When tasked with creating restraint cradles that allow helicopters to load safely, SFM Technology turned directly to the BigRep PRO.
Rough seas not only make smooth sailors, they also make smooth engineers who can find innovative solutions to choppy conditions. This is especially true when it comes to aviation, as helicopters are frequently tasked with embarking onto ships during all different types of weather conditions.
Once helicopter flying operations have ceased, they will either stay on the flight deck or be stowed in the ship’s hanger. They use an automatic folding system, folding in their blades like a bumblebee. The issue of stabilization remains a key priority when it comes to the smoothest embarkation possible. This is achieved by using a main rotor blade restraint cradle.
As Gary Wilson, head of Technical Sales at SFM’s AeroAdditive division tells us: “When a helicopter is on board a ship, it can fold its helicopter blades back. But at sea it’s still windy, and the blades can flap. These blades must be restrained so flapping doesn’t occur.”
Aerospace and defense giant Leonardo – tasked by the Ministry of Defence to provide AgustaWestland AW101s for the Royal Navy – found that their pre-existing main rotor blade restraint cradles were not living up to their standard. They turned to SFM Technology’s AeroAdditive department for the solution, resulting in the first 3D-printed main rotor blade restraint cradle, measuring 900 x 230 x 160mm. Gary Wilson explains how they created the cradle and why he believes this is just the start for additive manufacturing within the aerospace industry.
The Blade Restraint Cradle, Printed on a BigRep PRO
As a solution had to be found very quickly, SFM relied on the speed of innovation possible with additive manufacturing.
“We had to look at many aspects of 3D printing, including cost, efficiency, and of course, size. Eventually, we looked at the BigRep PRO as we had to look at a production 3D printer. The machine is used as a production machine, so every rotor blade restraint cradle goes to the end customer.”
In the aerospace industry, lightweight yet strong parts are essential. After stress-testing their 3D printed parts, SFM Technology found that they performed better than original, non-printed parts. By using Hi-Temp CF – a carbon fiber reinforced material with versatile, high-strength properties – the blades are extremely durable and weather resistant.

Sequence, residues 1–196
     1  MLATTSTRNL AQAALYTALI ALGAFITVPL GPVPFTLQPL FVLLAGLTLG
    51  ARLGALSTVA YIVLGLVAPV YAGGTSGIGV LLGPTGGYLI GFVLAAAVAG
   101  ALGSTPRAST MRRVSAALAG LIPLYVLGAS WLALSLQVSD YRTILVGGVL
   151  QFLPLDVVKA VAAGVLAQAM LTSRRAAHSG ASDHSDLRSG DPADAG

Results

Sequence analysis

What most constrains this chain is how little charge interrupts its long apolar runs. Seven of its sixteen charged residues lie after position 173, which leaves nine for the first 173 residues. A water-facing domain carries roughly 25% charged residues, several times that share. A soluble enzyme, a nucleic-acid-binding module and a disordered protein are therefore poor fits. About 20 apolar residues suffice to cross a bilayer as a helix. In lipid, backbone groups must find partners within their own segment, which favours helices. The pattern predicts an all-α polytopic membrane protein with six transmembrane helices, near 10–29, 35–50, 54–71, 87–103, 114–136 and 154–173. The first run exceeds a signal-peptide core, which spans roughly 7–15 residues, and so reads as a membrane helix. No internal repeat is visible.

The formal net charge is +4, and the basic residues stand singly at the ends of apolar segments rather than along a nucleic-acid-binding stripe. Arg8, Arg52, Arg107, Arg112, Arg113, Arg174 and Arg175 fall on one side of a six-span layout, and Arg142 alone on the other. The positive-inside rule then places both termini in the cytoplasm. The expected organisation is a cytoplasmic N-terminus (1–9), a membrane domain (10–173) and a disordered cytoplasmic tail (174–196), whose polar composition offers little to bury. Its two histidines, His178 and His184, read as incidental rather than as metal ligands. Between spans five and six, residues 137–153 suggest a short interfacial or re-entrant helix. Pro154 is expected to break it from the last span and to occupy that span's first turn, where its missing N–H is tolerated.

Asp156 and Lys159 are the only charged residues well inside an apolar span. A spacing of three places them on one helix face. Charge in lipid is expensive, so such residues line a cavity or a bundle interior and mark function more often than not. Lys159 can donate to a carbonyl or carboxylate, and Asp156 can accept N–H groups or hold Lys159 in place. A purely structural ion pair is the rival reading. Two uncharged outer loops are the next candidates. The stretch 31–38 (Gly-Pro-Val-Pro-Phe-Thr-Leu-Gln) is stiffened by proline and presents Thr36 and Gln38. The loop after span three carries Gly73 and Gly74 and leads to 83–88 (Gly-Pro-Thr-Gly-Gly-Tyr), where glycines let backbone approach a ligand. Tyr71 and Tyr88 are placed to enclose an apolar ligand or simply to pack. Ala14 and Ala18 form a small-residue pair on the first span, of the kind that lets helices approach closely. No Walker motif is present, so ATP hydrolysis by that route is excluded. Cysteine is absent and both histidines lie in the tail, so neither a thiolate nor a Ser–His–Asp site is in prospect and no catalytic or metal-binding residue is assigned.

The benefits have been manifold.
“To date, we have printed 30 cradles, consisting of 60 halves, since January. If we were to do that in a traditional way, we would have done about a quarter of that. So, you can see that 3D printing is far quicker, as we don’t have any adjustments to make, or if we do, they’re very minor and can be quickly overcome. And the material is just as strong.”
Choosing the right material was crucial in SFM’s choice.
“We carried out many tests to establish which was the most suitable material within the budget given. Having looked at the data sheets, we felt that BigRep’s HI-TEMP had a slight advantage over the other BigRep materials.”
Once they remove the support material, sandpaper is used to smooth the surface. Bushes – a type of fixed or removable cylindrical tube – are inserted in the hinges, before using threaded helicoil inserts for fastening when required. After the cradle is painted to the customer’s specification, the remaining hardware is embedded along with a protective foam on the inside of the cradle, preventing it from scratching the blade surface.
The Blade Restraint Cradles in Action
With the main rotor blade restraint cradles already in use, Mr. Wilson attests that this experience shows what 3D printing can achieve in the aerospace industry and that it’s only a matter of time before additive manufacturing becomes the norm.
“In the aerospace industry, there are many designers nervous about 3D printing. We’ve demonstrated that 3D printing can be used in the aerospace industry quite comfortably from a strength, repeatability, and quality side. I know for a fact that as the industry moves forward on 3D printing, there will be more and more accessible paths to use.”
SFM Technology are using the BigRep PRO as a batch 3D printer, sequencing production and creating improved results across the board. This follows more aerospace designers discovering the benefits of 3D printing and adopting it in due course.